Dissolution of Partnership firm by Pranav K @LEXCLIQ


As per section 39 of the Indian Partnership Act, ‘dissolution of partnership’ between all the partners of a firm is called ‘Dissolution of the Firm’. Dissolution of partnership only involves a change in the relation of the partners, whereas dissolution of a firm means complete breakdown of the relation of partnership among all the partners.

Dissolution of the firm can be done by two methods:

  1. Dissolution without the order of court: – It may take place in the following manner
  • Dissolution by Mutual Agreement or Consent: – As partnership is a creation by mutual consent in the same way it can be dissolved by the mutual consent of all the partners. It can also be dissolved in accordance with a contract between the partners.
  • Compulsory dissolution: – Compulsory dissolution takes place under the following three circumstances:
  • When all the three partners become insolvent or when all the partners except one becomes insolvent the firm is dissolved because a firm should consist of atleast two partners.
  • When any one the partners become insolvent.
  • If the business becomes unlawful by happening of some event.
  • Dissolution on the happening of certain contingencies: – Under section 42, if the following events happen, a firm gets dissolved.
  • Expiry of the firm for which the firm was constituted.
  • Completion of the particular adventure for which the firm is constituted
  • Death of a partner.
  • Insolvency of a partner.
  • Dissolution by Notice: – Section 43 states that in case of a partnership at will, it may be dissolved by any partner by giving notice in writing to all the partners of his intention to dissolve the firm. An oral notice or notice to only some partners is not sufficient. When one such notice is given, then it cannot be taken back where all partners agree. A partnership which is not at will cannot be dissolved.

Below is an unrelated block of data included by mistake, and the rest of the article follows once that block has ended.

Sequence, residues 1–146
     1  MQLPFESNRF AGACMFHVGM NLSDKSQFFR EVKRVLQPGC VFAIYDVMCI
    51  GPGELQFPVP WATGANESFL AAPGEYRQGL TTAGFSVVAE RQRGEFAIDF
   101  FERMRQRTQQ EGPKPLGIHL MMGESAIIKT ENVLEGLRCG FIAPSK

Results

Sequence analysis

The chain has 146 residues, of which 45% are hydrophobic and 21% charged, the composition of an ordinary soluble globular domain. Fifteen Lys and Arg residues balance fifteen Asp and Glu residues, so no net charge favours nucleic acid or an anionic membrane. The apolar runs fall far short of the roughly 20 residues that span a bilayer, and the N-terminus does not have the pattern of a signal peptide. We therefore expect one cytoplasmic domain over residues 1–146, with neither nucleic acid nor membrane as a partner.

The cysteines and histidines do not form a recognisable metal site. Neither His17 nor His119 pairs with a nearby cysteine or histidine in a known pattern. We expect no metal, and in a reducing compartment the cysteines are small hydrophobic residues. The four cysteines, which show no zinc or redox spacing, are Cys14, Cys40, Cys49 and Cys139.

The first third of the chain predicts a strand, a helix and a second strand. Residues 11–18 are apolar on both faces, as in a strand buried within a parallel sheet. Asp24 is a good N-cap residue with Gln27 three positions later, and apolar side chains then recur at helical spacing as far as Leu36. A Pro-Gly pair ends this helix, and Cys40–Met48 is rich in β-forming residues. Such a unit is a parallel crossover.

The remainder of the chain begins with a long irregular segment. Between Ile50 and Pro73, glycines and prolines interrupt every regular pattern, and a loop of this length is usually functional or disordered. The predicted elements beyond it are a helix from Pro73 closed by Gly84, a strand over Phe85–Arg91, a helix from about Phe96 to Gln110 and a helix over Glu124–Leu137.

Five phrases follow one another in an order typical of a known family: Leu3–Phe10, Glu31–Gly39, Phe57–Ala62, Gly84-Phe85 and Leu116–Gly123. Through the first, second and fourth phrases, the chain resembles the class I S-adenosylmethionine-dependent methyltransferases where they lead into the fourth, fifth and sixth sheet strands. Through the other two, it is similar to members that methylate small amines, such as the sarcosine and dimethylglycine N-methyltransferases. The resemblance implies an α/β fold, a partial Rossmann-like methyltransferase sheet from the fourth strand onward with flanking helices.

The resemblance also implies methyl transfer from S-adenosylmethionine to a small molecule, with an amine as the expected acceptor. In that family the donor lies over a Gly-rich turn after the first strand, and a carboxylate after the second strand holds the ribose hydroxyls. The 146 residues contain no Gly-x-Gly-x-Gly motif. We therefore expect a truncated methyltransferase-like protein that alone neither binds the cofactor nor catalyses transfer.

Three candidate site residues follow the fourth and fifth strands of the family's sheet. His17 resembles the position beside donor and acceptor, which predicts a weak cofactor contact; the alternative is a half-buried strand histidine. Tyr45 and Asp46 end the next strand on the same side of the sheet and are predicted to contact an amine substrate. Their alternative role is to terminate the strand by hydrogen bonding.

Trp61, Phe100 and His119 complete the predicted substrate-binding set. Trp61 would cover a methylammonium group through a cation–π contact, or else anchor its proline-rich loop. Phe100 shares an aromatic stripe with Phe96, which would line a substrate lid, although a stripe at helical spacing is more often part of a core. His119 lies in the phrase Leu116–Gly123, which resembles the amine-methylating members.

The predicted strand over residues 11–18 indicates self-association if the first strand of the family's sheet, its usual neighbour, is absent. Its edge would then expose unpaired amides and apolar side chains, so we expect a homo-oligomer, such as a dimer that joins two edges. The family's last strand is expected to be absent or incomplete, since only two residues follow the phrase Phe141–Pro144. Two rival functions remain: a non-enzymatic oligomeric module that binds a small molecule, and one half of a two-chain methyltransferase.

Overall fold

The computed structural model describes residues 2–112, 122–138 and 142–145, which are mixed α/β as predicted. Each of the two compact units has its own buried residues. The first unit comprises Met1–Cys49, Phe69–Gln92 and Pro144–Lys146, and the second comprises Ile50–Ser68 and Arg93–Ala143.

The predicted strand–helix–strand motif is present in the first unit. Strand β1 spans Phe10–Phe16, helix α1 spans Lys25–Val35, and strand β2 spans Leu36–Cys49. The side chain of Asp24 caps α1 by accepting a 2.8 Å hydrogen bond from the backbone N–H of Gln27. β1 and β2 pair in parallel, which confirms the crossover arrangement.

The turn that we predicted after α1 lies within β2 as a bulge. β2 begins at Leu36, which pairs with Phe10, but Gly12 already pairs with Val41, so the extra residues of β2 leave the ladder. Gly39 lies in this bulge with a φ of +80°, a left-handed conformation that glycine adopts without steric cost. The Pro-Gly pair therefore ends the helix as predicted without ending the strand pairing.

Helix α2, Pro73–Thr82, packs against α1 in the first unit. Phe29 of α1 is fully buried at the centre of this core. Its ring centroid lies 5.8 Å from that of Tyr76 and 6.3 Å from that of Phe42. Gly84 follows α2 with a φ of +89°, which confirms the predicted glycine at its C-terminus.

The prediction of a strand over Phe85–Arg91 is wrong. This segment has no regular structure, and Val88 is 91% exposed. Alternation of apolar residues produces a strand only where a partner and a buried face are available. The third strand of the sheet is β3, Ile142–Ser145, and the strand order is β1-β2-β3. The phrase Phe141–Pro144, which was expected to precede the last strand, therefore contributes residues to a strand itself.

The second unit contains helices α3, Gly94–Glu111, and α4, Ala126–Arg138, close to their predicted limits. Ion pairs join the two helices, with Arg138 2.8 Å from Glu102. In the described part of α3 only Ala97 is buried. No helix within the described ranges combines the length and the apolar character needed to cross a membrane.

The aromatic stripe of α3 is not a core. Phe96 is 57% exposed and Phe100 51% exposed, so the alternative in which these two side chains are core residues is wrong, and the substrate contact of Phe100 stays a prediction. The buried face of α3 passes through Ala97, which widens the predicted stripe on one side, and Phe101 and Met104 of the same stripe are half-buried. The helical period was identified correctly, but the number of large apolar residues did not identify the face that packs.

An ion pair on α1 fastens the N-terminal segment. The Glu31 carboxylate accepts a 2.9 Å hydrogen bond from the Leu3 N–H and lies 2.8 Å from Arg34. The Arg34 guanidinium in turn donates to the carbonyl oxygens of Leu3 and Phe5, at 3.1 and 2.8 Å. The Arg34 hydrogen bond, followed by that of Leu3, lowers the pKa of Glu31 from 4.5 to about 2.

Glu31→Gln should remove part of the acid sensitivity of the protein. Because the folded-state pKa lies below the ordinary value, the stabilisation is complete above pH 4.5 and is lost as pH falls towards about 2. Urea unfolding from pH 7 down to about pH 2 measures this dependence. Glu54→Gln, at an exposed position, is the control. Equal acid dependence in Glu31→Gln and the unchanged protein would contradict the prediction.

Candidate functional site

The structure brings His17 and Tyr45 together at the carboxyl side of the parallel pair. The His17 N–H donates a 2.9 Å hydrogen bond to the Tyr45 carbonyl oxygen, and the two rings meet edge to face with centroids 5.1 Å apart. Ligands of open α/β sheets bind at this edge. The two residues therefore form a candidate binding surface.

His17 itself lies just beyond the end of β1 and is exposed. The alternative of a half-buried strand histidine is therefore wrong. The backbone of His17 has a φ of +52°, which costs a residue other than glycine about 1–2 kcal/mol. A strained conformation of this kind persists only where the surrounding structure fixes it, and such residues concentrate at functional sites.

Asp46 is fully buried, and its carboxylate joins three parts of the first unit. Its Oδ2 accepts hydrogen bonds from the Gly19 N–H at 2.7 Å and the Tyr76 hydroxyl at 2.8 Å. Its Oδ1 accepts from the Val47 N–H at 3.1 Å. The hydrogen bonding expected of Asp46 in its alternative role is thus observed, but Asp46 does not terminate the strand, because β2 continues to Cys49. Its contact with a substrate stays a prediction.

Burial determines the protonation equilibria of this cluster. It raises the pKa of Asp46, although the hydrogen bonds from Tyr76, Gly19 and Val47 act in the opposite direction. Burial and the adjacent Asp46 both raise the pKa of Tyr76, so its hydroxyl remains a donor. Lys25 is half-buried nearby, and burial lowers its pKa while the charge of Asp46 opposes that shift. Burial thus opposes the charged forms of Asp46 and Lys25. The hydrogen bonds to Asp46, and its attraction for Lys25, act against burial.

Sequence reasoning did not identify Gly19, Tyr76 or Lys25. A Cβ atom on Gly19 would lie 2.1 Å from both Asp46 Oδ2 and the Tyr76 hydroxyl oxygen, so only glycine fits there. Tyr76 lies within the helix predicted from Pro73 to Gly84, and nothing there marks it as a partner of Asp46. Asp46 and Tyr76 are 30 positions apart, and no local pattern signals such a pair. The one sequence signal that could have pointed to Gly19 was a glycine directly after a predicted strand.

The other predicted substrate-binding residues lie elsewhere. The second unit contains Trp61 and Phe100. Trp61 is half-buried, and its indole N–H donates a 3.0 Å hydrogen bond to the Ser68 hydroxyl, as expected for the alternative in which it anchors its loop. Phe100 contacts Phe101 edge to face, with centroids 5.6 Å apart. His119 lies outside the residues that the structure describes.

1. Dissolution by order of the court: – Under the following seven grounds, the court may order dissolving a firm:
  • Insanity of Partner: – When one of the partners becomes insane then any partner may apply to the court for dissolution. There must be adequate proof to show that the partner has been really suffering from an unsound mind.
  • If a sleeping partner becomes insane, the court may not order dissolution.
  • Permanent incapacity of the partner: – When any partner has become permanently uncapable of performing his duties as a partner then the court may order dissolving the firm. The incapacity may be due to physical ailment or due to mental illness. However, the incapacity must be permanent in nature.
  • Misconduct of partner: – When a partner is guilty of misconduct and if such misconduct is likely to affect adversely the carrying on of the firm’s business then the court may order dissolving the firm. However, the firm cannot be dissolved on the petition given by the guilty partner. The misconduct of the partner need not be connected to the partnership business and it is sufficient if the misconduct affects the business of the firm. Examples of misconduct are, conviction for breach of trust, gambling, fraudulent acts.
  • Continuous/Persistent breach of Contract: – When a partner willfully and continuously commits breach of partnership agreement or conducts himself in such a manner so that it becomes impossible for the other partners to carry on the business in partnership with him, then the firm may be dissolved. In Anderson v Anderson, it was held that for dissolution of a firm, the violation of the partnership agreement by a partner must not merely be useful and persistent but must also be substantial.
  • Transfer of interest: – When a partner has transferred the whole of his interest in the firm to a third party, then the court may order dissolving the firm, if other partners sue for the same. Here, the transfer of shares must be of the whole interest of the partner in the firm and not merely a part of it.
  • Continuous losses: – Since the main objective for establishing the firm is to achieve profit, when the business of the firm is running at a loss for a continuous period then the firm may be dissolved by the court.
  • Any just or equitable ground: – When on any other ground, the court thinks it is just and equitable to dissolve the firm, it may do so

Mackenzie v Himalaya Assurance Co. LTD, the court held that the fact that the partnership cannot be run profitable due to the personal differences between partners is also a ground for dissolution by court order.



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